Debate over Farmer Assurance Provision

The Lempert Report
May 20, 2013

Topline is that the public health and safety are not compromised by these provisions.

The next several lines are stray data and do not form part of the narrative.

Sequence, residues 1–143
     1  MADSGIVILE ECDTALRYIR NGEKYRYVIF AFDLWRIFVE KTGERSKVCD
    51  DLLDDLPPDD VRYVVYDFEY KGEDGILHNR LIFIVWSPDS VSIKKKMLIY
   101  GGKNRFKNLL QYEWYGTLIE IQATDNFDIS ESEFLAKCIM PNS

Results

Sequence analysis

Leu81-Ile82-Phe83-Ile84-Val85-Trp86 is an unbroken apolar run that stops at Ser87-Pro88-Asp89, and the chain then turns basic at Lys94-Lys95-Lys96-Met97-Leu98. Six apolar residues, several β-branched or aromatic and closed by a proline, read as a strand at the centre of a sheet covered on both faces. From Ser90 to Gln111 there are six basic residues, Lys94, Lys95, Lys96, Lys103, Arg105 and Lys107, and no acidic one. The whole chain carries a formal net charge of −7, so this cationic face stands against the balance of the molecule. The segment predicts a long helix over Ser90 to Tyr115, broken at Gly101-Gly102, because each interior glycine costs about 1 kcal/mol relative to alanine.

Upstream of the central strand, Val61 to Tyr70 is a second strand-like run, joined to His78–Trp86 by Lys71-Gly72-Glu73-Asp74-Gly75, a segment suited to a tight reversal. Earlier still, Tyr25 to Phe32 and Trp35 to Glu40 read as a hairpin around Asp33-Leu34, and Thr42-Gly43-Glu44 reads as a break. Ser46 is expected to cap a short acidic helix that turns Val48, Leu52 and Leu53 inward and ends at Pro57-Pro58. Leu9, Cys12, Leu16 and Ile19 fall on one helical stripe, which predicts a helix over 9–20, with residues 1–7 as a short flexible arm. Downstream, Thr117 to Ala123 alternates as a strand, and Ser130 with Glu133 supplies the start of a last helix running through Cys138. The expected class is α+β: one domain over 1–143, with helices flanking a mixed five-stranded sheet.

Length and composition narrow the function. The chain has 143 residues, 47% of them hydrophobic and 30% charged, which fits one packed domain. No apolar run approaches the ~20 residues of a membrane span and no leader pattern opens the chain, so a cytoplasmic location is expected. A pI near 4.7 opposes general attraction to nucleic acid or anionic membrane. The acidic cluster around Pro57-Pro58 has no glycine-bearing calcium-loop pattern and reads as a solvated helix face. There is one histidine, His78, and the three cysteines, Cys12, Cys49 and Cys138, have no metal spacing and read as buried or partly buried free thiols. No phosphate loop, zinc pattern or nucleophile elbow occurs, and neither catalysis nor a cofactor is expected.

A fierce debate is brewing over the Farmer Assurance Provision, which has been dubbed by some, the "Monsanto Protection Act". Some interest groups protest what is officially called, Section 735, a provision within a recently passed Congressional Spending Bill. President Obama signed the bill, including a controversial provision which, those opposing the provisions claim, exempts biotech companies from litigation in regards to the making, selling and distribution of genetically engineered seeds and plants. They claim the legislation may prevent courts from stopping the sale of genetically engineered seeds --- no matter what issues may arise in the future. They contend that we are now powerless in the case of data showing harm to consumers. Those supporting the provision point out that the language doesn’t protect USDA or the biotech companies from litigation related to USDA’s approval. It temporarily protects the farmers who bought and planted the seeds relying on the approval. Supporters also say the provisions don’t prevent anyone from protecting the public health. FDA and EPA’s oversight, remit and mandate are not changed at all. These are seeds the USDA deregulated prior to them being planted that are now, due to a court case, undergoing additional scrutiny. USDA still has authority to stop harvests if they feel there is a risk to human or plant health. The provisions also don’t change any potential liability a technology provider might have. When procedural issues surface about a USDA deregulation, or additional environmental considerations need to be considered, the USDA maintains its flexibility to exercise judgment. The USDA still has the authority to intercede and prevent harvesting and further sales but, in the absence of that need, USDA can let farmers harvest and sell their crops while the issues are fully resolved by the agency and the courts. Topline is that the public health and safety are not compromised by these provisions.